Skyrocketing health care costs and longer lines at the doctor’s office are met with harried physicians more concerned with trying to meet their quota for the day than listening to health problems: This is the future of U.S. health care, according to UC health policy expert Thomas Bodenheimer.
Medical school student Sasan Massachi (right), wants to pursue a career in oncology, while Kevin Burnham is undecided. Students are increasingly choosing specialized fields over primary care.
A drastic decrease in the number of primary care physicians over the past decade prompted the attention of Bodenheimer, a UC San Francisco professor of family and community medicine whose background includes not only an M.D. but also a master’s degree in public health.
In a perspective piece published last month in the Annals of Internal Medicine, Bodenheimer and two other doctors blamed the income gap between specialty and primary care physicians for the decline. While the incomes of primary care physicians are by no means meager, the discrepancy in comparison to specialists has become large enough to “”discourage medical school graduates from choosing primary care careers,”” Bodenheimer wrote in the article.
The article said that the percentage of medical school graduates in the United States choosing primary care has dropped from 14 percent in 2000 to 8 percent in 2005, a figure that has been dwindling since the mid-1990s. Studies have indicated that patients under consistent primary care have lower health care costs, making the decline a serious situation, especially with the number of people affected by chronic diseases on the rise. The American College of Physicians has expressed a need to take action to prevent what they call an “”impending collapse”” of primary care.
At UCSD alone, the number of students choosing primary care as a career has dropped to roughly 10 percent of the graduating class over the past 20 years, according to Rusty Kallenberg, head of the division of family medicine at UCSD. Kallenberg said he believes one of the main factors fueling students’ decisions to specialize is the looming debt, averaging $130,000 to $200,000, after leaving medical school.
However, patients put themselves in potential danger when they see several specialists but no primary care physician, because the specialists often lack knowledge of the patient’s overall health, he said.
“”[If it is] no one’s job to coordinate everything, [it is] not good news for patients,”” Kallenberg said.
The Resource-Based Relative Value Scale, implemented by Medicare in 1992 with the intent of reducing the disparity costs between office visits and procedures, has become the mechanism fueling the income divide, according to Bodenheimer. Instead of paying for face time with the doctor, the difference in the relative value unit, or RVU, of a visit is based on the work that is done.
A colonoscopy costs more than a normal office visit because the intensity of the work – mitigated by factors of skill, effort, judgment and stress – is seen as greater for p rocedures, as opposed to doctors’ cognitive efforts. Over the years, the volume of procedures performed by specialists has increased more rapidly than office visits, contributing to the higher salaries of specialists.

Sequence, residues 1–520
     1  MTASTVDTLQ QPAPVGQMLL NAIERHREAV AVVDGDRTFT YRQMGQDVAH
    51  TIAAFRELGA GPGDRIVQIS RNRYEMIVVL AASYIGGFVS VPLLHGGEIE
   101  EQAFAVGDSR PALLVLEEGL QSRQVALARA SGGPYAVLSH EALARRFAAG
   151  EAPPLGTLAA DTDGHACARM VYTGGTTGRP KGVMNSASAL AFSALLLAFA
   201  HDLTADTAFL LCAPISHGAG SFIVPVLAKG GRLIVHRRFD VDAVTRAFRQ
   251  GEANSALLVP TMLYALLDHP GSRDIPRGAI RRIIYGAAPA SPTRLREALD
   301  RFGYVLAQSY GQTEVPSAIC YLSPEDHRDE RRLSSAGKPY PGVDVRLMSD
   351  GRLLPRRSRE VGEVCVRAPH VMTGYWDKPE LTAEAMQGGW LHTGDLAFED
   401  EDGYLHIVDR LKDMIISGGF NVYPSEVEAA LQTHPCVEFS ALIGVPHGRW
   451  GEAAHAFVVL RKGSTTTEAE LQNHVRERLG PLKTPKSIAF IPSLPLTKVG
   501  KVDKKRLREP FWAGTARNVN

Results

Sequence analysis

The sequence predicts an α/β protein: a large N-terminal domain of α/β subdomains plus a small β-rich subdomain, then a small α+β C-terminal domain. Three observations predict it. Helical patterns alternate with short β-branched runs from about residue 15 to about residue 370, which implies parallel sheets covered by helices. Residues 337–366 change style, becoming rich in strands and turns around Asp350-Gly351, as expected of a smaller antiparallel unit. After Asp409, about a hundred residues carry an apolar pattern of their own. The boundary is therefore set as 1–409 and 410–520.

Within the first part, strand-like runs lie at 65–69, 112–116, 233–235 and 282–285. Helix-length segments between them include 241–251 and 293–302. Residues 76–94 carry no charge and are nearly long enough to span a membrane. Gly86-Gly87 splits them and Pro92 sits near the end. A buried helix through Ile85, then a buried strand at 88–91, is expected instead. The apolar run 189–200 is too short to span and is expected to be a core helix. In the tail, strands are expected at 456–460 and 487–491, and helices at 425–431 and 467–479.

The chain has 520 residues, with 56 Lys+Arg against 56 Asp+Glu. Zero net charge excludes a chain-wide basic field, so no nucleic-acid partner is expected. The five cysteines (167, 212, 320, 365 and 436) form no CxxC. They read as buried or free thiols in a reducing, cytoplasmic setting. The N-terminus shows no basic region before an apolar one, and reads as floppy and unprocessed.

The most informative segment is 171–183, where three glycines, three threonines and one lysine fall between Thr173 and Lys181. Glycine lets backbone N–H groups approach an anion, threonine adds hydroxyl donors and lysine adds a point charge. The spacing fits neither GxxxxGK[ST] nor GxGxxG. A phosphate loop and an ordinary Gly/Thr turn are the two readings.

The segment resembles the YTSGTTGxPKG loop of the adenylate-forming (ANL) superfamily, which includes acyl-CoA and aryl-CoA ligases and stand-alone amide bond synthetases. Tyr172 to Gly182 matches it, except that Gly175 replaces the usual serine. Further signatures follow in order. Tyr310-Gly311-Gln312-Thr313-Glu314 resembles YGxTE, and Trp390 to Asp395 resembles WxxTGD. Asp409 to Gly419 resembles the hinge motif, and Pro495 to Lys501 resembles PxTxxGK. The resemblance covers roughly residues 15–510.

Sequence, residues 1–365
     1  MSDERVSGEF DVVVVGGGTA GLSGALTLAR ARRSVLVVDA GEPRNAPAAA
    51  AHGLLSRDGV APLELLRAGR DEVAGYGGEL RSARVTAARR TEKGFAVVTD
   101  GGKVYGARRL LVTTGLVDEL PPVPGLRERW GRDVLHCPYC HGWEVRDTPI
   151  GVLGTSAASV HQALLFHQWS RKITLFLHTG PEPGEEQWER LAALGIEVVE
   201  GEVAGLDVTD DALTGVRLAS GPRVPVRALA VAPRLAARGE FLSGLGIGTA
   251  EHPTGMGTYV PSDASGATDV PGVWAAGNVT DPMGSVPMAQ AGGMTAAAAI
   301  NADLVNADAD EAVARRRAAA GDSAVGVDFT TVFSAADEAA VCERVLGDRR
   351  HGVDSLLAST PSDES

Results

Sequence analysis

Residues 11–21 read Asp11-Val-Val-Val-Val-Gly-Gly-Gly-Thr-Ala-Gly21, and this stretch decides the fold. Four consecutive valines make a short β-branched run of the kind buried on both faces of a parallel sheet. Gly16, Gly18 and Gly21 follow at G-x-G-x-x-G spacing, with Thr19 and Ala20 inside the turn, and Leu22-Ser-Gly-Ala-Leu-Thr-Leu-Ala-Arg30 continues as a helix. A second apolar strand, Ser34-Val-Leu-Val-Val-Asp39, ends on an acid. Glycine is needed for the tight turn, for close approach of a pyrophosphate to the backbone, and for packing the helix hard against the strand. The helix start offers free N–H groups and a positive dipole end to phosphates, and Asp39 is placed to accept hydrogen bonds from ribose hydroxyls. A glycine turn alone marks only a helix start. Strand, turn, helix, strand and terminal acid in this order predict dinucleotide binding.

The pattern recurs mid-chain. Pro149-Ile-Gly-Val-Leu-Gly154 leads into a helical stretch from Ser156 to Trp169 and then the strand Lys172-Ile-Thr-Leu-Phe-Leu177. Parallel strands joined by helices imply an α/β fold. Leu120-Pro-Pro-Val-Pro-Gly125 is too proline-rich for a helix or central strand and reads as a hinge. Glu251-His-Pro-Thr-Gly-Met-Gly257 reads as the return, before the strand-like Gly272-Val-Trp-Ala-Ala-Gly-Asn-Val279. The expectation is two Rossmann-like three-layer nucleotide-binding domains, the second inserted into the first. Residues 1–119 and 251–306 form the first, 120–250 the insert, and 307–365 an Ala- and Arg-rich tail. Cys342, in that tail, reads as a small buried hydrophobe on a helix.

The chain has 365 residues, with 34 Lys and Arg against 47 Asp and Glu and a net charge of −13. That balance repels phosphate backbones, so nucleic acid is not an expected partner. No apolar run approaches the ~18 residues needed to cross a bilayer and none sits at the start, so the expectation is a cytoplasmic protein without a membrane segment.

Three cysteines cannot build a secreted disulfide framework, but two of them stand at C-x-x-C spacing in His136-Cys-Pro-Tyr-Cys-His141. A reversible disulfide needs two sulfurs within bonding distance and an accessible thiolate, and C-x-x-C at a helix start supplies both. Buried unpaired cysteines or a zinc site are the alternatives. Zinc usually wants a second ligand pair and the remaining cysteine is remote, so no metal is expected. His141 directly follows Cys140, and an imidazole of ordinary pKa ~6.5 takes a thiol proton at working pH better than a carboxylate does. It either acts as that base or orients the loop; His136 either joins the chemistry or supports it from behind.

In addition, several studies have shown that private insurers favor specialist procedures over primary care. A 2002 study revealed that, on average, private insurers pay 120 percent of Medicare’s fee for procedures over 104 percent for office visits, allowing specialists to negotiate higher rates than primary care physicians.
Bodenheimer’s report also highlighted the somewhat biased process of updating RVU values. The American Medical Association and other specialist societies created the Relative Value Scale Update Committee, which is designed to recommend RVU updates every five years. Of the 29 members of the committee, 23 are from specialist societies, and only 15 percent of the voting members represent primary care.
The paper alleges that specialist-heavy membership, along with specialist society influence in the committee, has led to the avoidance of increasing evaluation and management RVUs – the meat and potatoes of primary care physician income.
Revelle College junior Matt Wiepking is one of many premed students on campus. Originally, Wiepking had his sights set on being a general practitioner or pediatrician, but has since been considering specialist fields like radiology.
“”There is obviously a financial factor, but a lot of it is lifestyle, patients and decisions you get to make,”” Weipking said.
He said he believes that more than the money, students may be more interested in the immediate, tangible benefits from specialty fields. In being able to see a change in the patient’s condition, Weipking said students may feel more useful.
After watching doctors and spending many volunteer hours in hospitals, Weipking said he does not necessarily agree with current method of charging patients.
“”I think there is a definite lean on doing the tests, but that stems from fear of malpractice,”” Weipking said. “”A lot of unnecessary procedures done [are] not a good way to practice medicine. [It’s] not helping patients.””
Bodenheimer suggested in his report that experts seek out alternate payment models that work to suit each area’s approach to treating patients. In the short term, he recommended that Medicare and private insurers identify ways to modify their reimbursement approaches while primary care tries to bolster its ranks.
“”Do we need surgeons if you get hit by a bus?”” Kallenberg said. “”Of course, but we also need vibrant primary care to prevent disease from unhelpful behavior.””